Florida Attorney General Bill McCollum (R) [official website] on Wednesday proposed tougher laws against illegal immigrants. McCollum unveiled a draft [text, PDF] of the new legislation, which goes "one step further" than a controversial Arizona immigration law [SB 1070 materials; JURIST news archive] by giving more leeway to judges and law enforcement officers in the prosecution of those suspected of being illegal immigrants. The proposed law would require immigrants to carry immigration documentation, and those found in violation would be charged with a misdemeanor and could face a sentence of up to 20 days in jail for their first offense. Illegal immigrants attempting to seek employment in Florida when not authorized to work would face misdemeanor charges as well. Judges would be allowed to consider a defendant's illegal status when setting bond. There are also proposed sentence enhancements for illegal immigrants found to have committed a crime, such as domestic violence in the presence of a child and gang activity. McCollum cited safety concerns in voicing his support of the 29-page document and applauded the legislation's "new enforcement tools" that will prevent Florida from becoming "a sanctuary state for illegal aliens."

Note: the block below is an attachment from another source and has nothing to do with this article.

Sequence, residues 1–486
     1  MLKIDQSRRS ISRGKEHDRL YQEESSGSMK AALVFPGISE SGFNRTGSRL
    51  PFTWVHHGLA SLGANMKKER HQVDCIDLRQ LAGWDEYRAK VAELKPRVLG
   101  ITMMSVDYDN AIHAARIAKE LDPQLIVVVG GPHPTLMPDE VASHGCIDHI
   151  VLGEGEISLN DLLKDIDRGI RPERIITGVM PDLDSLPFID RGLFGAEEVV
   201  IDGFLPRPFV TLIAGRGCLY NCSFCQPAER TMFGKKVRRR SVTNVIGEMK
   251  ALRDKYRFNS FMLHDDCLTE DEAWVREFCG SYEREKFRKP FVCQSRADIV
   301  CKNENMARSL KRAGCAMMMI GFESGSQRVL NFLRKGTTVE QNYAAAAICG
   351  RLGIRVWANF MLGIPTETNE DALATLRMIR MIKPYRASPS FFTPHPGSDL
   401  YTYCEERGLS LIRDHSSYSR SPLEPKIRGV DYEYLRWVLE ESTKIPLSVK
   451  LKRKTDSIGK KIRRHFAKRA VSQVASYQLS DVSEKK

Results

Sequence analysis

McCollum's staff attorneys made changes to the proposed legislation in response to a ruling by a federal judge in Arizona [JURIST report] two weeks ago that enjoined several provisions of Arizona's immigration law, which was set to go into effect at the end of last month. Judge Susan Bolton sided with the US Department of Justice [official website] in determining that provisions of the law could impair the government's ability to enforce federal immigration policy and violate the Supremacy Clause [LII backgrounder] of the US Constitution. Bolton enjoined several provisions, including those requiring verification of the immigration status of individuals reasonably suspected of being illegal immigrants and authorizing warrantless arrests of those police have probable cause to believe have committed an offense that could lead to deportation. Bolton also enjoined a provision requiring non-citizens to carry their immigration papers with them at all times. Arizona Governor Jan Brewer (R) [official website] filed an expedited appeal [JURIST report] to the US Court of Appeals for the Ninth Circuit [official website] asking them to lift the injunction, which the court subsequently denied the next day [JURIST report]. A hearing in the matter is set to occur the week of November 1.